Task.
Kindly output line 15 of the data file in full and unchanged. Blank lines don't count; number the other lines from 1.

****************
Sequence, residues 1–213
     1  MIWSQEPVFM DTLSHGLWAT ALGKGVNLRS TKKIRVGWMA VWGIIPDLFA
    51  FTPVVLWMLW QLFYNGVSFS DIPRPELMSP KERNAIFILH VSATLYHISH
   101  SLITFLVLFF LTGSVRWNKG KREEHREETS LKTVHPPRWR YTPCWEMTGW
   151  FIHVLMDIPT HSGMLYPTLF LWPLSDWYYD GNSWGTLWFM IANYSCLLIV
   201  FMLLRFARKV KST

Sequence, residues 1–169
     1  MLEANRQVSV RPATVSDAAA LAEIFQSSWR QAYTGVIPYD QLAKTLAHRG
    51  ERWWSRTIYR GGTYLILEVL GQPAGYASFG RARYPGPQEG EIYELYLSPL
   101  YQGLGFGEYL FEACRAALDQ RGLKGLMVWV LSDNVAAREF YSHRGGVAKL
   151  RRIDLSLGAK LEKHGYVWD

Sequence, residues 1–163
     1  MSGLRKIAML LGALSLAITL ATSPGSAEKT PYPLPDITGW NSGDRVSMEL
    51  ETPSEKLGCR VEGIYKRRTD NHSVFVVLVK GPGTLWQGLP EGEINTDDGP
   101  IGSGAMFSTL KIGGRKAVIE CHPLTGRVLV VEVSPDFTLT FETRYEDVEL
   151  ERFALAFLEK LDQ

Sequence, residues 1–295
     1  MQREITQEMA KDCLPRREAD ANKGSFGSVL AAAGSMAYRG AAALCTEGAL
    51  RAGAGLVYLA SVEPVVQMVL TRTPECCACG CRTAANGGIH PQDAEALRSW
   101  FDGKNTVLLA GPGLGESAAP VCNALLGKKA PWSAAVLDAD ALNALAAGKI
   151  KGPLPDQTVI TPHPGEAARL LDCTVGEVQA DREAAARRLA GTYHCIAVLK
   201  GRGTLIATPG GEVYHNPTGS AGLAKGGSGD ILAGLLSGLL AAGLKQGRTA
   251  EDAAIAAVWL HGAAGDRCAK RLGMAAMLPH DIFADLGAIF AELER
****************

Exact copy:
   101  IGSGAMFSTL KIGGRKAVIE CHPLTGRVLV VEVSPDFTLT FETRYEDVEL